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Deal Reached with Two Firms to Run Westchester County Bus System

Westchester County Executive Robert Astorino announced he has reached a five-year deal with Liberty Lines of Yonkers and PTLA of Cortlandt to continue operating the county bus system. The Board of Acquisition & Contract must now approve the deal.

(Patch File Photo)
(Patch File Photo)

Editor's Note: The following announcement was submitted by the Office of Westchester County Executive Robert Astorino.

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Westchester County’s Bee-Line Bus System will continue to be operated by Liberty Lines of Yonkers and PTLA of Cortlandt under new five-year contracts that will be submitted by County Executive Robert P. Astorino to the Board of Acquisition & Contract for review and approval on Thursday.

The 59-route Bee-Line network serves approximately 32.4 million customers a year in Westchester, Putnam and New York City.

The new contracts will be for five years, with an option to renew for an additional five years. Under terms of the proposed contracts, Liberty will be paid an amount not to exceed $113,650,295 in 2014.  This represents a savings of  $3,373,412 over its current contract. PTLA will be paid $2,370,614 in the first year, which is the same as in the current contract.

“This outcome protects our taxpayers and Bee-Line bus riders,” said Astorino. “Our bus system serves about 115,000 weekday riders, and this ensures that service remains dependable at the best possible price for both riders and taxpayers.”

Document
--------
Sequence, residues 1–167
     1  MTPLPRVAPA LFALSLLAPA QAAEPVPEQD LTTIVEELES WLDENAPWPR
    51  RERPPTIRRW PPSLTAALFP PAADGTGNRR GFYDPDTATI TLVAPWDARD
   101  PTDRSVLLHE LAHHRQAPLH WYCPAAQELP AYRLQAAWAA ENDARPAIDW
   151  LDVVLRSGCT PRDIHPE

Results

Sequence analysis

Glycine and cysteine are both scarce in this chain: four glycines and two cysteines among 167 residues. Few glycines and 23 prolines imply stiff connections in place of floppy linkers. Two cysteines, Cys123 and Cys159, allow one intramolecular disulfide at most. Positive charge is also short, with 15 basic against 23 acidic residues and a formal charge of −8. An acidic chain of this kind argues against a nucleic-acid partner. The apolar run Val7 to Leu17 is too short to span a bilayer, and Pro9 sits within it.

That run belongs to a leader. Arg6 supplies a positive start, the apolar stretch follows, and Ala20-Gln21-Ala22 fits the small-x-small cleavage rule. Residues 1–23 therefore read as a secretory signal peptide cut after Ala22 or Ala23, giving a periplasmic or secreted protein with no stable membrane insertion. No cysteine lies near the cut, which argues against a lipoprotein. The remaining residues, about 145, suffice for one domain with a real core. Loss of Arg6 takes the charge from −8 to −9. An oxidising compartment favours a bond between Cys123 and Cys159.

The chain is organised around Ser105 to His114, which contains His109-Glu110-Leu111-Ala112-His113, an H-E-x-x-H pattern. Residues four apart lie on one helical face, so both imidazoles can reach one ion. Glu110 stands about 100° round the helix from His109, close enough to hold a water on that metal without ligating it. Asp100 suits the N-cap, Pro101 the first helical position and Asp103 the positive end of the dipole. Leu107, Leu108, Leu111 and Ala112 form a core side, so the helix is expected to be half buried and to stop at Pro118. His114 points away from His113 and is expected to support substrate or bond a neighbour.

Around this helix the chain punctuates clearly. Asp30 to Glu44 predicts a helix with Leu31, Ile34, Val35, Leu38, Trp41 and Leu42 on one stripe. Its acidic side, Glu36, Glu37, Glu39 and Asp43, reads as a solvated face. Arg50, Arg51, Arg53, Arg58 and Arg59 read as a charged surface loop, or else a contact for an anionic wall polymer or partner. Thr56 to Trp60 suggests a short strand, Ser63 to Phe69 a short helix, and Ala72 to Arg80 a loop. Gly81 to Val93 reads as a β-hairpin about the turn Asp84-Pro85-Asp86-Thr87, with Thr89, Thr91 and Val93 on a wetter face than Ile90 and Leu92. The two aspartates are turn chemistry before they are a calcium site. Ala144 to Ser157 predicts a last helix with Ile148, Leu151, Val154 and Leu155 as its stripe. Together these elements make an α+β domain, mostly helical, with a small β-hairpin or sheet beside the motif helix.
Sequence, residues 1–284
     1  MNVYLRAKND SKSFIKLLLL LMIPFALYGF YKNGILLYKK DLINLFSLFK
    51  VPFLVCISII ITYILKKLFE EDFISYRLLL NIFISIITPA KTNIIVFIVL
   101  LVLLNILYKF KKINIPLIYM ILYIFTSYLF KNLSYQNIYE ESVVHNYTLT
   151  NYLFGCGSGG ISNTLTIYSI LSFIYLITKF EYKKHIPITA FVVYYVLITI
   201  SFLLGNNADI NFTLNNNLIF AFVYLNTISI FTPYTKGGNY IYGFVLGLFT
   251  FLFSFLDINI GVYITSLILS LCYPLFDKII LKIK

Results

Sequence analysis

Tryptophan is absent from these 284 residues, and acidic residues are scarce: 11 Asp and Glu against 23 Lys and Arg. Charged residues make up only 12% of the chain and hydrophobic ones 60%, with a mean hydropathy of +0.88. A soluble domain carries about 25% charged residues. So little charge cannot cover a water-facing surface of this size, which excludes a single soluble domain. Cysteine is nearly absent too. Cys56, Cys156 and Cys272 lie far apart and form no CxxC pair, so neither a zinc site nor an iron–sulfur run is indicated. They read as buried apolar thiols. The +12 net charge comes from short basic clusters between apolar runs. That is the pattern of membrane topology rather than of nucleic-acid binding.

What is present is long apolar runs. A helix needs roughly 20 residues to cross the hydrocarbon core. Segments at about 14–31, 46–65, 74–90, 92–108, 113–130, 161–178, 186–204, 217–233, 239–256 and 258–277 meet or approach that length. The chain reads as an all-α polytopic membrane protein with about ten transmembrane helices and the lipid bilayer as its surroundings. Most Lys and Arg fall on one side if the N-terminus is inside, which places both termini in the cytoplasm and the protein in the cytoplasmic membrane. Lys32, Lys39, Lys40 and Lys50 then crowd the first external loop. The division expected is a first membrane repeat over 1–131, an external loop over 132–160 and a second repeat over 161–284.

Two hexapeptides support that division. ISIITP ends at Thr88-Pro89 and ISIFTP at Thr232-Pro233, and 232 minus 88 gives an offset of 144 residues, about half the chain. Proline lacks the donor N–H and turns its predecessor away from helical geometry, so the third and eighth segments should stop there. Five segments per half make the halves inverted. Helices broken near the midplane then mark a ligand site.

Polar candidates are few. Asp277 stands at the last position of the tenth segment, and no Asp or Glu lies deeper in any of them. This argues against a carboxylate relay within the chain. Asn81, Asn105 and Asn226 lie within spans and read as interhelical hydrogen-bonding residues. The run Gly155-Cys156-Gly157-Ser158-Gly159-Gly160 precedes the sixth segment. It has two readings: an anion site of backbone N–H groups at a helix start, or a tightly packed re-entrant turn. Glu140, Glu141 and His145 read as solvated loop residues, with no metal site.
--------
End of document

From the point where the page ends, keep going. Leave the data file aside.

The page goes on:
The contracts were awarded through an RFP or “request for proposals” process conducted by the county. Liberty Lines and PTLA were the only two companies to respond to the RFP. The county’s current contracts with the two bus operators expire on Dec. 31.

The new contracts cover two service areas: the 56 routes operated by Liberty Lines and the three routes operated by PTLA in the Peekskill area. Liberty Lines has been the main operator of the county’s buses since the mid 1970s.  

The RFP process was complicated by two factors. Liberty Lines had asserted that if its contract with the county was not renewed, it was entitled to millions of dollars in compensation under its previous agreements with the county. At the same time, the federal government told the county that it could possibly lose as much as $13 million in federal aid if it didn’t put the contract out through a competitive procurement process.

Throughout the  process, the county worked with state and federal transportation officials to ensure rules and regulations were followed and that the county’s financial interests were protected.

The Bee-Line bus system works this way:

  • The county owns the buses, other vehicles and equipment, the Central Maintenance Facility in Yonkers and the Cerrato Satellite Bus Facility in Valhalla.
  • The county establishes fares and determines routes. However, the Bee-Line system is part of the MetroCard fare structure. Bee-Line fares typically mirror MetroCard fares set by the Metropolitan Transportation Authority to facilitate uniform pricing for the region.
  • The county hires private companies, currently Liberty Lines and PTLA, to operate the Bee-Line system and facilities with their own employees.

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